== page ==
Intralamina lucida

α6β4 integrin: Absent or markedly reduced

JEB, late onset

Intralamina lucida

Type XVII collagen: Reduced or abnormal pattern

JEB with respiratory and renal involvement

Intralamina lucida

α6β4 integrin: Absent or normal

JEB, localized

Intralamina lucida

Type XVII collagen: Reduced or absent

 

 

α6β4 integrin: Reduced

 

 

Laminin-332: Reduced

JEB-inversa

Intralamina lucida

Laminin-332: Reduced

JEB-LOC syndrome

(LOC, laryngo-onycho-cutaneous)

No blistering

Laminin-332: Normal

Dominant dystrophic epidermolysis bullosa (DDEB)

All subtypes

Sublamina densa (dermal)

Type XVII collagen: normal or reduced 

Bullous dermolysis of the newborn

Sublamina densa (dermal)

Type XVII collagen: Granular staining within basal keatinocytes; reduced/absent staining along dermoepidermal junction during active disease; normal staining along dermoepidermal junction during inactive disease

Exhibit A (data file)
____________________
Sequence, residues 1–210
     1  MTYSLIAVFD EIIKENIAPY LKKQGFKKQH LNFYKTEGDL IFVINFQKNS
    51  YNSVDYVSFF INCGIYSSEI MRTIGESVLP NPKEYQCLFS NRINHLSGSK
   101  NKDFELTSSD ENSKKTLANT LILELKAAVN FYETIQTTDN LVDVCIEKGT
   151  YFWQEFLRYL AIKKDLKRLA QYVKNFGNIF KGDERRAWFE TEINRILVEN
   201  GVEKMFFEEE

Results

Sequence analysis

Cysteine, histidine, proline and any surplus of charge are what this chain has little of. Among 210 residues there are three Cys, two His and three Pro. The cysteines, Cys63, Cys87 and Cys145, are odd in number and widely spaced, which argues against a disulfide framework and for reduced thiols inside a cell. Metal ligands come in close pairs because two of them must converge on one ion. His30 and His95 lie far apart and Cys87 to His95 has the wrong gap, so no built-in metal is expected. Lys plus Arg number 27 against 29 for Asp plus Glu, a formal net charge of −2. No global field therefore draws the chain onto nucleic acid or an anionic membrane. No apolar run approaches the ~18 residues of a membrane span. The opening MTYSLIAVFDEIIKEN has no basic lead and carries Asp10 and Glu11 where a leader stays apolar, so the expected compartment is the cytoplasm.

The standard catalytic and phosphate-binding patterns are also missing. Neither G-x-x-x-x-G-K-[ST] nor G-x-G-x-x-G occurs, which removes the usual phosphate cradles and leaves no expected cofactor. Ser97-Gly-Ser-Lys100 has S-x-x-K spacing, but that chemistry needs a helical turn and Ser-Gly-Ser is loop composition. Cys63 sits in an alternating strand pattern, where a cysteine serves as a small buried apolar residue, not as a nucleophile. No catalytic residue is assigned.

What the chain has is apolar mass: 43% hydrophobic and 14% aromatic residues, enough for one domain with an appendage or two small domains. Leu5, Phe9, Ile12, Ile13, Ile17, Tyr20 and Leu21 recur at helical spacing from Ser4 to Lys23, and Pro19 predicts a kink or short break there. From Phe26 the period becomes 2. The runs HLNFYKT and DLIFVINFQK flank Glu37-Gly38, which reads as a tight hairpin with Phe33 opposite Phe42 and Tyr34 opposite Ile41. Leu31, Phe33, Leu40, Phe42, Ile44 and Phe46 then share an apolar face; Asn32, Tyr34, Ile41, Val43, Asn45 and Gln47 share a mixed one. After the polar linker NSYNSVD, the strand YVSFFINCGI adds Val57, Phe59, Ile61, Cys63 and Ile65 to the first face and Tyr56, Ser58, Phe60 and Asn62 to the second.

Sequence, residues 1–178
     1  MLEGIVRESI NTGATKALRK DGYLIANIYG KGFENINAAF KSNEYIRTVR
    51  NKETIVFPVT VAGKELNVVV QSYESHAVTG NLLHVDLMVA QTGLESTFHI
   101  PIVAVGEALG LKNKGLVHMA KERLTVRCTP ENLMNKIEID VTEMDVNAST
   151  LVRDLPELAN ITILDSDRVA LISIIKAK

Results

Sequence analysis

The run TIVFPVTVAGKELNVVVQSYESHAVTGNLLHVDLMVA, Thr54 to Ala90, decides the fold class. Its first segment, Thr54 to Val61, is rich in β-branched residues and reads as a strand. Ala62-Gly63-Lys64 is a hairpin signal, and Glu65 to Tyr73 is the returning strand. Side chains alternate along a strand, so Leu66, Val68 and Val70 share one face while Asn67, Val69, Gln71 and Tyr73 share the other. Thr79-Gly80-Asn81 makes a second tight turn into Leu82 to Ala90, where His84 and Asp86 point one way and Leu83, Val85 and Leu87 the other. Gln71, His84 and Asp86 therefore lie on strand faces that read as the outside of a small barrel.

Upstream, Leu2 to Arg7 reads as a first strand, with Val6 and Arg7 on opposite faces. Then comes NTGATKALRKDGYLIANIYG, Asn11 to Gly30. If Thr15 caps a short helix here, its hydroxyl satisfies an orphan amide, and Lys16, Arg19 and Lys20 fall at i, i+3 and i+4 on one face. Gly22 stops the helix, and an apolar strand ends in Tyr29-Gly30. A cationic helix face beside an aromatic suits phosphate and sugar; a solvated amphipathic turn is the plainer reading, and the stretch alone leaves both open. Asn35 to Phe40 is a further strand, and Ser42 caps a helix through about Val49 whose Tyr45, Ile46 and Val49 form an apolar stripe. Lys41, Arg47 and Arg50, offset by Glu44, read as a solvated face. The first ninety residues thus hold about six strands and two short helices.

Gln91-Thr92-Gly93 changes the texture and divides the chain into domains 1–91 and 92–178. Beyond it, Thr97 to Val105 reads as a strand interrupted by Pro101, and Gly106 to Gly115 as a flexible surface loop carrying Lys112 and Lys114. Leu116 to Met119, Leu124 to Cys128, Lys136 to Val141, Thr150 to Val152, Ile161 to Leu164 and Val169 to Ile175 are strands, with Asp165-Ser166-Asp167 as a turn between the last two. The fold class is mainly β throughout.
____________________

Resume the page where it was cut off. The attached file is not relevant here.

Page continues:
Recessive dystrophic epidermolysis bullosa (RDEB)

Bullous dermolysis of the newborn

Sublamina densa (dermal)

Type XVII collagen: Granular staining within basal keatinocytes; reduced/absent staining along dermoepidermal junction during active disease; normal staining along dermoepidermal junction during inactive disease

Generalized  severe 

Sublamina densa (dermal)

Type XVII collagen: Absent or markedly reduced 

Generalized intermediate

Sublamina densa (dermal)

Type XVII collagen: Reduced 

Localized

Sublamina densa (dermal)

Type XVII collagen: Normal or reduced or normal

All other subtypes

Sublamina densa (dermal)

Type XVII collagen: Reduced